\end{bmatrix} \\
&=
\Abs{M} I.
\end{aligned}

We find the determinant weighted identity that we expected. Our methods are a bit schizophrenic, switching fluidly between matrix and geometric algebra representations, but provided we are careful enough, this isn’t problematic.

### 3D case.

Now, let’s look at the 3D case, where we assume a column vector representation of the matrix of interest
M =
\begin{bmatrix}
\Bm_1 & \Bm_2 & \Bm_3
\end{bmatrix},

and try to simplify the expression we found for the adjoint
A =
\begin{bmatrix}
\begin{vmatrix} \Be_1 & \Bm_2 & \Bm_3 \end{vmatrix} & \begin{vmatrix} \Be_2 & \Bm_2 & \Bm_3 \end{vmatrix} & \begin{vmatrix} \Be_3 & \Bm_2 & \Bm_3 \end{vmatrix} \\
& & \\
\begin{vmatrix} \Be_1 & \Bm_3 & \Bm_1 \end{vmatrix} & \begin{vmatrix} \Be_2 & \Bm_3 & \Bm_1 \end{vmatrix} & \begin{vmatrix} \Be_3 & \Bm_3 & \Bm_1 \end{vmatrix} \\
& & \\
\begin{vmatrix} \Be_1 & \Bm_1 & \Bm_2 \end{vmatrix} & \begin{vmatrix} \Be_2 & \Bm_1 & \Bm_2 \end{vmatrix} & \begin{vmatrix} \Be_3 & \Bm_1 & \Bm_2 \end{vmatrix}
\end{bmatrix}.

As with the 2D case, let’s re-express these determinants in wedge product form. We’ll write $$I = \Be_{123}$$, and find
\begin{aligned}
\begin{vmatrix} \Be_i & \Bm_j & \Bm_k \end{vmatrix}
&=
\lr{ \Be_i \wedge \Bm_j \wedge \Bm_k } I^{-1} \\
&=
\gpgradezero{ \lr{ \Be_i \wedge \Bm_j \wedge \Bm_k } I^{-1} } \\
&=
\Be_i \lr{ \Bm_j \wedge \Bm_k }
\Be_i \cdot \lr{ \Bm_j \wedge \Bm_k }
} I^{-1} } \\
&=
\Be_i \lr{ \Bm_j \wedge \Bm_k }
I^{-1} } \\
&=
\Be_i \lr{ \Bm_j \cross \Bm_k } I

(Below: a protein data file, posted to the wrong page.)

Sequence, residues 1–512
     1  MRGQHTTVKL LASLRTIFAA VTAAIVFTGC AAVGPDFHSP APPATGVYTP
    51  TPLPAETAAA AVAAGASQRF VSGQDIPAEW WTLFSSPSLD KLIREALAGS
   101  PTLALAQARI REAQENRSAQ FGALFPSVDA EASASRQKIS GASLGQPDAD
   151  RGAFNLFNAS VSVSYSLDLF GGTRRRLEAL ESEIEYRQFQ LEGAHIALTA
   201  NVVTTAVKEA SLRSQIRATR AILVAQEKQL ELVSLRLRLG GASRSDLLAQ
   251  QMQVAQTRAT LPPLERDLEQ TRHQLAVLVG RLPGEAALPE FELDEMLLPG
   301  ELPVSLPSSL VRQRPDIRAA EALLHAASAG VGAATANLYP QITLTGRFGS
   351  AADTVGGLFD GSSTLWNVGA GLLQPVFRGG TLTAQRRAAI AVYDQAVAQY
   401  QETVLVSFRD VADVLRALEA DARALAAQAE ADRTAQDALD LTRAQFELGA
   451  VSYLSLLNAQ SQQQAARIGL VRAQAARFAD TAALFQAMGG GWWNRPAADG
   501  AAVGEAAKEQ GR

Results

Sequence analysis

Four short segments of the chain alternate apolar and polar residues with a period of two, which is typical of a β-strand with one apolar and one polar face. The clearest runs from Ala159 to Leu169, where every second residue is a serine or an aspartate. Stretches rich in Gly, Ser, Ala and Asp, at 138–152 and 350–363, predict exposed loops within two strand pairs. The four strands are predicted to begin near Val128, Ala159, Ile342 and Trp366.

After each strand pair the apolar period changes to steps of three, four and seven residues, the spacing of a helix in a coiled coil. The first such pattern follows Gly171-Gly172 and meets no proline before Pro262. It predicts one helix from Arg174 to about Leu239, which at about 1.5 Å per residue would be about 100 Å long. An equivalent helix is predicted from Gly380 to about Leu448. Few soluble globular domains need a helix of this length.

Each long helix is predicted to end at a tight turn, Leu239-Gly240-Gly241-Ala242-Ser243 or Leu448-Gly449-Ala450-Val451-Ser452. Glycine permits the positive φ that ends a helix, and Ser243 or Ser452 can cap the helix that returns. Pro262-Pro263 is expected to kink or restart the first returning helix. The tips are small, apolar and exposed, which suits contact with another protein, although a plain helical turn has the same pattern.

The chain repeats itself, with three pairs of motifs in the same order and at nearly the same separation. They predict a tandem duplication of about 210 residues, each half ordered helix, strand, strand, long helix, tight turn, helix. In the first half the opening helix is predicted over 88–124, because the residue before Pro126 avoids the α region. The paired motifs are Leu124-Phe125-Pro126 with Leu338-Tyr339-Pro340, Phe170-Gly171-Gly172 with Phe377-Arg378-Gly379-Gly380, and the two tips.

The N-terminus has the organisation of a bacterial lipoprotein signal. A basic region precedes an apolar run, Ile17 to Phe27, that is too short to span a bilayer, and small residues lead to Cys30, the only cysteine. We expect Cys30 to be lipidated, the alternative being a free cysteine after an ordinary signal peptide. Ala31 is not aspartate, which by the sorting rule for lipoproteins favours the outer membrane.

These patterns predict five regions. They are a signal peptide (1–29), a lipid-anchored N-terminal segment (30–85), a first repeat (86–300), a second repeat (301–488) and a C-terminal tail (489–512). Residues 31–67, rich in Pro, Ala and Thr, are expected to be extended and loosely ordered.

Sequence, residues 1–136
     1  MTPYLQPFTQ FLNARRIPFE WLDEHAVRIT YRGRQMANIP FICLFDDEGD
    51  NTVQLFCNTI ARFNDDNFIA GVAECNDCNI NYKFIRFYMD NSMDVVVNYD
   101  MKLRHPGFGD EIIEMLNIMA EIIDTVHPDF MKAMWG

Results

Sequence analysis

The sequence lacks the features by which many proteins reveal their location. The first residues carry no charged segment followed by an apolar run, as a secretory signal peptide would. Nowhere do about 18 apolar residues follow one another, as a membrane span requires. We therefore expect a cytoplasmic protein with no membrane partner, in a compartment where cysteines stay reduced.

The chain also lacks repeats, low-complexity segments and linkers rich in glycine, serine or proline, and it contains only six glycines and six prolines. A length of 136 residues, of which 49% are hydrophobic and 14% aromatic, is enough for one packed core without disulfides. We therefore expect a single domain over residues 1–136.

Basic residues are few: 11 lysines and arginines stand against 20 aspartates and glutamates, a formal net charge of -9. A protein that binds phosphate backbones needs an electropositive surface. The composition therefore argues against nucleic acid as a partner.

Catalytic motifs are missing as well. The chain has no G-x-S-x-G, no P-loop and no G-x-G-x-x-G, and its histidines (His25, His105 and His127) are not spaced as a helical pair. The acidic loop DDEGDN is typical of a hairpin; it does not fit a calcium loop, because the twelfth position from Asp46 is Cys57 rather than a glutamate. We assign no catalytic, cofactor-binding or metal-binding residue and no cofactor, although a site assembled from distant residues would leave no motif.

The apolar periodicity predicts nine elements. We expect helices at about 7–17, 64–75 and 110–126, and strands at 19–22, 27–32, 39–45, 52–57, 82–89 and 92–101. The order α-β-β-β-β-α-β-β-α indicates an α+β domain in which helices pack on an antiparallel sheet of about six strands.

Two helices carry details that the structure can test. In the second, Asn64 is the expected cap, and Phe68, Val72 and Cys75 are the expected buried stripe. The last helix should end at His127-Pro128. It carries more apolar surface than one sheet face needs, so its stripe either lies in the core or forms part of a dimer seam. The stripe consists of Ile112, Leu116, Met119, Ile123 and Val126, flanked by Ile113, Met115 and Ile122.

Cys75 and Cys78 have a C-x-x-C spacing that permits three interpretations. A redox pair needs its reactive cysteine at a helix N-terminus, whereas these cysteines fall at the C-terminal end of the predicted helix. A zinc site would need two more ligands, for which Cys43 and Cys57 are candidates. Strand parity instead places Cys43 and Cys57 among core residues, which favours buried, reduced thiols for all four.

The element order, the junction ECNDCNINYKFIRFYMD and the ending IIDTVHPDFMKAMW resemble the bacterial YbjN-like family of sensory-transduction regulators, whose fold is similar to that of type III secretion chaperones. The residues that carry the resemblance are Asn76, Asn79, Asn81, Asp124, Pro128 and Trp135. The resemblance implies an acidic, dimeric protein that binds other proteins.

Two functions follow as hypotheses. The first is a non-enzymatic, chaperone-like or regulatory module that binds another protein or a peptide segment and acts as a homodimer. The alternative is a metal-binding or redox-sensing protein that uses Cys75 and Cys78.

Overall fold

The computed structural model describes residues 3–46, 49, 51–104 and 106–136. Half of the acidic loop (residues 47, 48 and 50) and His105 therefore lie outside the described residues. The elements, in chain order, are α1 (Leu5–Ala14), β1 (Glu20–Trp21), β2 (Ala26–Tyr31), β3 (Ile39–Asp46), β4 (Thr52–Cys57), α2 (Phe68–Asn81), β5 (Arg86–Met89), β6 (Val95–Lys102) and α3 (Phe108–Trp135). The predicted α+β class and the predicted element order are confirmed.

I^{-1} } \\
&=
\Be_i \cdot \lr{ \Bm_j \cross \Bm_k }.
\end{aligned}

We see that we can put the adjoint in block matrix form
A =
\begin{bmatrix}
\lr{ \Bm_2 \cross \Bm_3 }^\T \\
\lr{ \Bm_3 \cross \Bm_1 }^\T \\
\lr{ \Bm_1 \cross \Bm_2 }^\T \\
\end{bmatrix}.

### Check:

\begin{aligned}
A M
&=
\begin{bmatrix}
\lr{ \Bm_2 \cross \Bm_3 }^\T \\
\lr{ \Bm_3 \cross \Bm_1 }^\T \\
\lr{ \Bm_1 \cross \Bm_2 }^\T \\
\end{bmatrix}
\begin{bmatrix}
\Bm_1 & \Bm_2 & \Bm_3
\end{bmatrix} \\
&=
\begin{bmatrix}
\lr{ \Bm_2 \cross \Bm_3 }^\T \Bm_1 & \lr{ \Bm_2 \cross \Bm_3 }^\T \Bm_2 & \lr{ \Bm_2 \cross \Bm_3 }^\T \Bm_3 \\
\lr{ \Bm_3 \cross \Bm_1 }^\T \Bm_1 & \lr{ \Bm_3 \cross \Bm_1 }^\T \Bm_2 & \lr{ \Bm_3 \cross \Bm_1 }^\T \Bm_3 \\
\lr{ \Bm_1 \cross \Bm_2 }^\T \Bm_1 & \lr{ \Bm_1 \cross \Bm_2 }^\T \Bm_2 & \lr{ \Bm_1 \cross \Bm_2 }^\T \Bm_3
\end{bmatrix} \\
&=
\Abs{M} I.
\end{aligned}

Essentially, we found that the rows of the adjoint matrix are each parallel to the reciprocal frame vectors of the columns of $$M$$. This makes sense, as the reciprocal frame encodes a generalized inverse of sorts.